“Residential Leases: A Little Extra Effort Goes a Long Way”
Although landlords often scrutinize the background and rental history of prospective tenants, they sometimes neglect to focus energy on the very document that will be used to determine the parties’ respective rights if a dispute occurs. I have often heard it said, and it is true (at least from a landlord’s perspective), that ‘no lease is better than a bad lease.’ Why is that? Primarily because the inclusion or omission of certain terms, which lead to a ‘bad lease’, can make it difficult for a landlord to evict a problem or nonpaying tenant, and the landlord would have been better off with the statutory provisions that apply when there is no lease.
Among other important provisions, a lease should contain a clear and strong default provision, enabling a landlord to begin the eviction process soon after a breach of the terms of the lease. Additionally, a lease should include a carefully crafted holdover clause, ensuring that the terms of an otherwise expired lease (including the default provision) remain in effect if the tenant does not move out at the end of the term for whatever reason (landlords often let the lease continue after expiration by accepting rent, which can result in the creation of a “tenancy-at-will” governed by the statutory rules for notice and eviction unless a hold-over provision says otherwise).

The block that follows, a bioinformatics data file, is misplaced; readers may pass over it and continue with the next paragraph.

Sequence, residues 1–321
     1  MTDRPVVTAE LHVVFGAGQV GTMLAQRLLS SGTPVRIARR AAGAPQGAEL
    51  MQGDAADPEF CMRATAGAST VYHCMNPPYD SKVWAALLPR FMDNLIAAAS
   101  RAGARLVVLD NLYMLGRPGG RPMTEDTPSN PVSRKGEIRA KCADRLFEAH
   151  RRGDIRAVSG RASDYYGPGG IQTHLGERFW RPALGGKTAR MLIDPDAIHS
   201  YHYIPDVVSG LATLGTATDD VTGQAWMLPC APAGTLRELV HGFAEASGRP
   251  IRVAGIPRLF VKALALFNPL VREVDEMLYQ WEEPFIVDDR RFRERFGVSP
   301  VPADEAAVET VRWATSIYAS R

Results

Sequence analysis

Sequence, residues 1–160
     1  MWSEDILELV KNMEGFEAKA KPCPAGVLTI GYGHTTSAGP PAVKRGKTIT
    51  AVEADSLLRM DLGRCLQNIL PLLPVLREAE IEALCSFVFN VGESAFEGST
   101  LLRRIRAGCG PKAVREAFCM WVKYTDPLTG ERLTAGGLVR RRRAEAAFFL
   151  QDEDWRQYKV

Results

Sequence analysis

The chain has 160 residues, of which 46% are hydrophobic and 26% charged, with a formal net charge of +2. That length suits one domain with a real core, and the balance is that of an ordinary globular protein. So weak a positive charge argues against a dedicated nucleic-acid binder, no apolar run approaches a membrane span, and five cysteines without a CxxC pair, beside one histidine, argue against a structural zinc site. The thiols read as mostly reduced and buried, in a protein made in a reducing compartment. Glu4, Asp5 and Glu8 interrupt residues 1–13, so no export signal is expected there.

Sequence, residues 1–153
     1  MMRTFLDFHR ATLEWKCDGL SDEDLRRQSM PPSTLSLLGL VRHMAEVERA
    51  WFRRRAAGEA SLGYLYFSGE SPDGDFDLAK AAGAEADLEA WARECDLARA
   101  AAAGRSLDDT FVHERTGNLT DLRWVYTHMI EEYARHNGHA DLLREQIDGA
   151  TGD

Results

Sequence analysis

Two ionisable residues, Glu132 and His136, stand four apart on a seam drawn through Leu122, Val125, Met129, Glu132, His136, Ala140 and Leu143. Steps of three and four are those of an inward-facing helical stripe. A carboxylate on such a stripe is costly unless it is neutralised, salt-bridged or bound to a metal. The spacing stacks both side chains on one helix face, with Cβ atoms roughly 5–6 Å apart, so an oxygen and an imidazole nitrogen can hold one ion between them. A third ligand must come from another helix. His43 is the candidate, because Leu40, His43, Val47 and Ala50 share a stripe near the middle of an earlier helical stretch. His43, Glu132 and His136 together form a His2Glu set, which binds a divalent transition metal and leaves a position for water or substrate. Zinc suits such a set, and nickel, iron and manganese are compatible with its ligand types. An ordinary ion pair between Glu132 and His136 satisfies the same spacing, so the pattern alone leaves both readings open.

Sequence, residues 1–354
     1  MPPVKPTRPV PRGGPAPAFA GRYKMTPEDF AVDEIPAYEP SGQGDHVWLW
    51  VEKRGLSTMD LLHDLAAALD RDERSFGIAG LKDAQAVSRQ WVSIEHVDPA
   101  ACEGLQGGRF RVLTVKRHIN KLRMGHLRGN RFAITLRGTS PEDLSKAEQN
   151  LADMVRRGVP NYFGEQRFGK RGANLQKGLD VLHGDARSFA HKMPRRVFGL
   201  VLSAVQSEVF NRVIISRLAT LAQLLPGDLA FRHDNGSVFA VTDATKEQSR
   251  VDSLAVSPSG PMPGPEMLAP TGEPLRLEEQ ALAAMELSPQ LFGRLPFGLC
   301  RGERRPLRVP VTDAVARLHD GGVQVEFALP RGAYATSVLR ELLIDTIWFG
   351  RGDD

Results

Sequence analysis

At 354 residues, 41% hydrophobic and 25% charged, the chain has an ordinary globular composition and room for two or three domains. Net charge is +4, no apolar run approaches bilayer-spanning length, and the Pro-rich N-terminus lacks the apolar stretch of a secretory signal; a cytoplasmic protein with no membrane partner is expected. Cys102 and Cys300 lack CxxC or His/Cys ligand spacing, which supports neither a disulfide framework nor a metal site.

The statutes dealing with lease terms and Forcible Entry and Detainer (eviction) actions can be quite technical. (See http://www.mainelegislature.org/legis/statutes/14/title14ch710sec0.html; http://www.mainelegislature.org/legis/statutes/14/title14ch709sec0.html for the relevant statutes.)As such, it is important that some thought be put towards the drafting of a lease that will protect the landlord’s investment in the property.